Dr. Rob Wilder is a classic Californian. The Encinitas resident enjoys surfing, dining, bicycling and travelling, all exactly as a good Californian should. He also owns an expensive car, another classic “Cali” expectation.
The difference between Wilder and other Californians, however, is that his expensive car doesn’t run on gas—his Tesla Roadster runs on electricity generated by solar energy.
Felix Kramer standing with Chevy Volt next to Lake Tahoe in January 2011. [Photo Credit: CalCars.org]
Felix Kramer is a lifetime runner, author, entrepreneur and environmental advocate. He has a motivation to be the first to “start things that have never been done before.”
So, people familiar with his work can understand why he was the founder California Cars Initiative (CalCars) in 2002, and why, two years later, CalCars became the first to convert a Toyota Prius into a plug-in hybrid electric vehicle (PHEV).
And now, Kramer and his wife recently became the first people in the world to own two of the new mass-produced plug-in cars: the Chevy Volt and Nissan LEAF.
Columbia University graduate students Garrett Fitzgerald (left) and Rob Van Haaren (right) plan to drive a production EV across the U.S. next summer using only power generated by a unique, rollable solar array. [Photo Courtesy of SolarJourneyUSA.com]
A cross-country road trip is virtually every American university student’s dream.
Usually, the dream is to zip across America in a car, maybe on a motorcycle, or, if you’re a little bit more adventurous and hardy, on a bicycle.
But in a solar-charged car?
You’ve got to be kidding!
Not if you’re Garrett Fitzgerald and Rob Van Haaren.
A Nissan LEAF and a Chevy Volt parked in George Parrott's and Christine Iwahashi's Sacramento, Calif. area garage (notice the solar inverters behind the LEAF!) [Photo Courtesy of George Parrott]
If you think no one is going to buy electric cars, much less power them with solar, you might want to re-think your thinking. As the pages of SolarChargedDriving.Com show, there’s plenty of evidence to the contrary.
But don’t take our word for it. Go and see for yourself.
You might want to start with a trip to the Greater Sacramento, Calif. area and George Parrott’s house. Parrott and his wife, Christine Iwahashi, are among the very first people in the United States with both a Chevy Volt and a Nissan LEAF – and they’ve got solar on their home’s rooftop, enough to cover nearly all of the annual electric miles they’ll be driving in their plug-in hybrid and pure electric vehicles plus all of the electricity they use for their home.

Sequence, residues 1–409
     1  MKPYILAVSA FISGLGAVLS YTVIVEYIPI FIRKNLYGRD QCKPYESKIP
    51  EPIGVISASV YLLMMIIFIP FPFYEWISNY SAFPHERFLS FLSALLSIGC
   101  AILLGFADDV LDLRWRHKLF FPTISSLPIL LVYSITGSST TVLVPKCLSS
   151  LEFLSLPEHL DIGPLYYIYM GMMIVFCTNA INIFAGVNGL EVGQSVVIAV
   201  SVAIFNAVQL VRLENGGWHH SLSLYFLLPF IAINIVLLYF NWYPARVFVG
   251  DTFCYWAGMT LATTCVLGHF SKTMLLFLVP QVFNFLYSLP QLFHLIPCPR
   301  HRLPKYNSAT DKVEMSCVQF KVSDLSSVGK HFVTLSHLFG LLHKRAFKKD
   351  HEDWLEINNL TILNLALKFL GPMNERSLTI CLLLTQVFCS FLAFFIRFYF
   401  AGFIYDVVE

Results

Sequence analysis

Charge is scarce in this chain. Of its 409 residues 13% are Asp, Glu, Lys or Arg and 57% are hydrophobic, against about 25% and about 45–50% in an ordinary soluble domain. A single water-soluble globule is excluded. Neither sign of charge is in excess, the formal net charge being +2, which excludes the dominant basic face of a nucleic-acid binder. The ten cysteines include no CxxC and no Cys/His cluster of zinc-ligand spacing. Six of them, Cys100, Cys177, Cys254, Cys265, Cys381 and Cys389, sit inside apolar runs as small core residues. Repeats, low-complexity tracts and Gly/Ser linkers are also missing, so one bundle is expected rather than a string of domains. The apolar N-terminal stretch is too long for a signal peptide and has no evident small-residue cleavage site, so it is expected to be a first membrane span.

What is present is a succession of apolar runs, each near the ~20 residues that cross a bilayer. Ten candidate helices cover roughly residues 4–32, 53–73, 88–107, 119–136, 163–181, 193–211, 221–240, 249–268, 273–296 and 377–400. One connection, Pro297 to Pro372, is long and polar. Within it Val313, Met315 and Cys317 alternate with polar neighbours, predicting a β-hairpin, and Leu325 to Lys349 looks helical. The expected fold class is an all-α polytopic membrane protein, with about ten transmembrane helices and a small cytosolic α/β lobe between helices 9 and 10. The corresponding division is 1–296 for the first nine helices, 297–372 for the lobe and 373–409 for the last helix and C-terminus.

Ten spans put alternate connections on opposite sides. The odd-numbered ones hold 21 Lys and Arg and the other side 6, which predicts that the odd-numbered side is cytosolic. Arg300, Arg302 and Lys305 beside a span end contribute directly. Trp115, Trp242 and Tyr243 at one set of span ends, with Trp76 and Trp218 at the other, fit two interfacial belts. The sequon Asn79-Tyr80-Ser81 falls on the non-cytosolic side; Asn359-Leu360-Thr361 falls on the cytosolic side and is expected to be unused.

“My best impression is that we’re the second household that has both cars,” explains Parrott. “The first was Felix Kramer’s in the (San Francisco) Bay Area. His house is also heavily solar equipped.”
Paul Moore poses next to a Ford Ranger Electric which is partially powered by a solar array on his Phoenix, Ariz. area home. [Photo Courtesy of Paul Moore]
Can one person persuade America – and the world -- that solar-charged driving is the future? Probably not. But if there’s someone who could come close, it’s Paul Moore.
Articulate, funny, able to tell good stories, and, most importantly, someone you can connect with on a personal level, whether you’re a left-leaning greenie or a right-leaning energy independence guy, Moore has energetically taken up the mantle of EV + solar PV education and promotion in his corner of the world, which just so happens to be one of the best places on earth for solar: Arizona.
GM-Volt.Com's Lyle Dennis in front of his favorite car. [Photo Credit: General Motors]
There are bandwagon jumpers and then there are the people who start the bandwagon long before it’s a bandwagon.
Lyle Dennis, founder of the popular web site GM-Volt.com, which is devoted to Chevy’s new plug-in hybrid electric vehicle (PHEV), or as GM prefers to call it, an “extended range electric vehicle” (EREV), is very definitely one of the latter.